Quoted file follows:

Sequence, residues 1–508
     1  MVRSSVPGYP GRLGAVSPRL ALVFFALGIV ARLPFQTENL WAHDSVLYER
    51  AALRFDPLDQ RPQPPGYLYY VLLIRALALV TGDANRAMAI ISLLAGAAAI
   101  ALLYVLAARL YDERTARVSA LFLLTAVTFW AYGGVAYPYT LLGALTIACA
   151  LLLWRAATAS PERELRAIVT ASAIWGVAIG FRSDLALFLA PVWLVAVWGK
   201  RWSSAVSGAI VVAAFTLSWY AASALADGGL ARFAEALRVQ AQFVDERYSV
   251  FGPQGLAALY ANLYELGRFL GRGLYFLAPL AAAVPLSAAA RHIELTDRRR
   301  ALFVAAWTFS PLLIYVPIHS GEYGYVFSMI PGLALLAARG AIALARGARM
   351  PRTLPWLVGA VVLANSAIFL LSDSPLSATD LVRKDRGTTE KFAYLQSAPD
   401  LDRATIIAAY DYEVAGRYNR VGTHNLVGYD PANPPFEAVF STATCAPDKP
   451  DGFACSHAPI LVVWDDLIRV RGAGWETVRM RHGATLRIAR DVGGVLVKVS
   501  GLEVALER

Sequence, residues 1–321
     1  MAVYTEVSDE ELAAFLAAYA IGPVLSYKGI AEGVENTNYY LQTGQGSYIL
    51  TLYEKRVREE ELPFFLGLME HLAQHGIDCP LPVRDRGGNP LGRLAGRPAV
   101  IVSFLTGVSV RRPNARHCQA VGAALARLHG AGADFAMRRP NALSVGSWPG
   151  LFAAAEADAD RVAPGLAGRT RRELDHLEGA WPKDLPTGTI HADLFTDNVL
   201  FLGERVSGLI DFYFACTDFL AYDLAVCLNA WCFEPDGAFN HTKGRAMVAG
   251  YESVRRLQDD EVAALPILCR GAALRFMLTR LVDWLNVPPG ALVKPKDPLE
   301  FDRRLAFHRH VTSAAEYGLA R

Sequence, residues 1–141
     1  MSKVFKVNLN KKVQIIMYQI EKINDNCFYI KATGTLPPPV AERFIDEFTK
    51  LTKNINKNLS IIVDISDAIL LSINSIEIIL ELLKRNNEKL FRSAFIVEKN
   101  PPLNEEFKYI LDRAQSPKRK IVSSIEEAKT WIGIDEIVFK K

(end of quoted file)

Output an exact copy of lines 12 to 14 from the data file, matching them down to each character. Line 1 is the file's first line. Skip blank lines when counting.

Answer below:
   501  GLEVALER

Sequence, residues 1–321
     1  MAVYTEVSDE ELAAFLAAYA IGPVLSYKGI AEGVENTNYY LQTGQGSYIL